Basil cuttings work better when the cuttings are from younger plants. Clear out as much of the lower level leaves that you can, and disinfect them. Make sure the disinfectant isn’t too concentrated in chlorine, as this can affect the soil.

Put the cuttings in a mason jar with good potting soil, in a partially sunny area. Think of it as maintaining a pool. Because the water has to be changed every 2-3 weeks!

6. Oregano

By far one of the best spices to work with while making pastas, lasagna, or (trust me on this) even over ramen. It sounds weird, but tastes great! Once again, disinfect the plant, and cut off the lower ring of leaves. Put the cuttings in a jar away from direct sunlight. Partial sunlight should work just fine.

7. Lavender

If you’re wondering what the heck your new hobby should be during the summer, plant some lavenders. They take about a month, so I’m pretty sure you’ll be set.

While removing shoots from the plant, make sure you strip it while it retains a heel. This is treated as semi-hardwood cuttings, so make sure the roots of the cuttings are dipped in suitable hormone powder. Weird but necessary.

8. Horseradish

One plant is more than enough, so make sure to make it a root cutting and plant it 2 inches beneath the soil. If you really want to go all out, and plant more than one, plant them about 30 inches apart.

9. Geraniums

Who doesn’t love geraniums? Cutting are formed via root cuttings, and must be potted with well-drained, slightly moist soil. Make sure it receives enough sunlight, but not directly. Because, the extra sun is a wonderful tan for humans, but plant burn for cuttings.

10. Hydrangeas

This has pretty much the whole pink/blue spectrum covered in terms of color. Just cut off about 4 inches from the tip of the plant and place it in a good quality potting soil. Water well, and voila!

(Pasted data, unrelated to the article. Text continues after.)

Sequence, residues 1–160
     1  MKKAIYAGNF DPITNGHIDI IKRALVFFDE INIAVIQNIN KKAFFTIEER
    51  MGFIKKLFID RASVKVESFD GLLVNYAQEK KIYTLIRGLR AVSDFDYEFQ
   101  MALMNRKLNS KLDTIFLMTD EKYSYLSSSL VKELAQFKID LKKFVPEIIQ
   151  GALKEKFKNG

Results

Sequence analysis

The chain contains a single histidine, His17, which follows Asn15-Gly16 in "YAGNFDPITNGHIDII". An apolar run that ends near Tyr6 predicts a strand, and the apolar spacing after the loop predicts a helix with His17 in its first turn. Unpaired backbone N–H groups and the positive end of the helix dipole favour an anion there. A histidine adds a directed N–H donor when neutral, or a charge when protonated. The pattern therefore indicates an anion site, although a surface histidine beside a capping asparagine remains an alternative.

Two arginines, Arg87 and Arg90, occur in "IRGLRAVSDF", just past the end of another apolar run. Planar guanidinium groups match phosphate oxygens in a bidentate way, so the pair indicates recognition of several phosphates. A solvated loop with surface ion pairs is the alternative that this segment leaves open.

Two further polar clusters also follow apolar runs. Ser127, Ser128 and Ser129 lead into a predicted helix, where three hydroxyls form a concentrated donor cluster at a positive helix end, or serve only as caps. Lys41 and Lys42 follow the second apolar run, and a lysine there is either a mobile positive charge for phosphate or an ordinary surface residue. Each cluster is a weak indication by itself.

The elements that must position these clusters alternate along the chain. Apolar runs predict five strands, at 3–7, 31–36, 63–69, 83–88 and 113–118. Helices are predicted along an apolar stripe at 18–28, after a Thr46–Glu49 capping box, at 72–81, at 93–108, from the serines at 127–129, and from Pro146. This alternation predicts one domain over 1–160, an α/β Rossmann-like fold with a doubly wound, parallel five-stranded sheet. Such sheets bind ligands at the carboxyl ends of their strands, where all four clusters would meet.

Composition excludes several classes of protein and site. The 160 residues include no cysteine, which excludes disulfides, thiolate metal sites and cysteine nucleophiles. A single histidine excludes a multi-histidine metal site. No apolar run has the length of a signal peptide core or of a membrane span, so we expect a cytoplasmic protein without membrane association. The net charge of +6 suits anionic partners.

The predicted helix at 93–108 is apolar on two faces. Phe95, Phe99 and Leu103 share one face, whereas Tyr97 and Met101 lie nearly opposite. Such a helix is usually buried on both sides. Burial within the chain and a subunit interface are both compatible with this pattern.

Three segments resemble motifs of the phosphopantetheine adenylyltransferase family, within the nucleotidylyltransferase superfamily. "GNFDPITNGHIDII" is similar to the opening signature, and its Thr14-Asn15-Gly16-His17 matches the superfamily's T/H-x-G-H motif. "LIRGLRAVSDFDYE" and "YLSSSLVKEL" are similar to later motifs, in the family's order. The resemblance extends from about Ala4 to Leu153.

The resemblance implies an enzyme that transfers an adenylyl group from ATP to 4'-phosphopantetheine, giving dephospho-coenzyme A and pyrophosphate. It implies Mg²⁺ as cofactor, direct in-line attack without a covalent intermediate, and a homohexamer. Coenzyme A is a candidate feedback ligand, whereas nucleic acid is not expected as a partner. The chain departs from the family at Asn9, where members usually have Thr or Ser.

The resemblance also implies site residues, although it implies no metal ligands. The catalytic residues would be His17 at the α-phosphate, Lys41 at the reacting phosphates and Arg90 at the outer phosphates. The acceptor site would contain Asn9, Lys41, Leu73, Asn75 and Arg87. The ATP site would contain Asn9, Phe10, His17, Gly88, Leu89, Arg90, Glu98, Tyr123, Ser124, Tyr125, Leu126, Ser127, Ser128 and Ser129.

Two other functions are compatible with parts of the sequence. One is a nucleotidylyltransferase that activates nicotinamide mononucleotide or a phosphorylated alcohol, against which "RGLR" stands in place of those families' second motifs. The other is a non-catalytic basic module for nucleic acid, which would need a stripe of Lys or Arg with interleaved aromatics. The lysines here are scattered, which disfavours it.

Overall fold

11. Fuchsia

Similar to other cuttings, remove the lower layer of leaves. Makes sure to plant it in peat, or moss, and that it’s well-drained and oxygenated. It’s optional to dip it in root hormone, but you don’t have to run out and buy it if you don’t have it.

12. Jade Plant

When planting a jade plant cutting, make sure not to water it too much, so that it is just damp enough. Don’t overwater it into oblivion; this is a more common mistake than you’d think! It should be potted in a mixture composed of half soil and half perlite.

13. Begonia

Begonias can also grow in water, similar to mint. Clip the leaves at a 45-degree angle and keep them in partial sunlight in a mason jar of water.

14. Azalea

Obtain the cuttings by cutting off the leaves right at the tip, and getting rid of the lower layer of leaves. Dip it root hormone and place one-third of the cutting in the soil you choose.

15. Aster

Take about 2-4 inch cuttings from the root of the asters, and stick them in loose potting soil. Make sure you dip it in root hormone for proper growth. Easy peasy garden squeezy!

16. Salvia

Cut about 2- 8 inches off the stem, and clean out the bottom layer of leaves. (What else is new?) You can get these cuttings during any season, so you don’t have to wait for the seasons like other cuttings!

17. Rose

Choose long, and healthy stems to take cuttings from. Be careful of thorns! We don’t need a reenactment of Sleeping Beauty here. Dip them in root hormone, as usual, and pot them in loose and well-drained soil.

18. Chrysanthemum

Cut the bottom of the stem, and make sure the cuttings are at least 4-8 inches long. Plant them in a pot of perlite, and make sure it is watered regularly.

19. Butterfly Bush

Pinch off the stem, and take care to make sure that the cuttings are at least 3 inches long. Keep in mind, pinching the stem makes for a bushier, thicker plant as opposed to cutting the stem.

20. Dahlia

Cut the stem away from the tuber, while making sure that the stem you have chosen is green, strong, and mature. Take about three of these cuttings, and pot them in well-composted soil.

21. Gardenia

Take the cuttings from the tip of the branch, and remove the lower level of leaves. It’s crucial that the cuttings remain in highly humid conditions before full growth. It can be done using a milk jug without a bottom, or a plastic bag to cover the pot.

As you can see, cuttings are pretty easy to obtain and even easier to maintain as the first step to more plants. Lastly, if you’re scared that you’re gonna kill your plants, just remember what J.C.Raulston said. “If you’re not killing plants, you are not really stretching yourself as a gardener.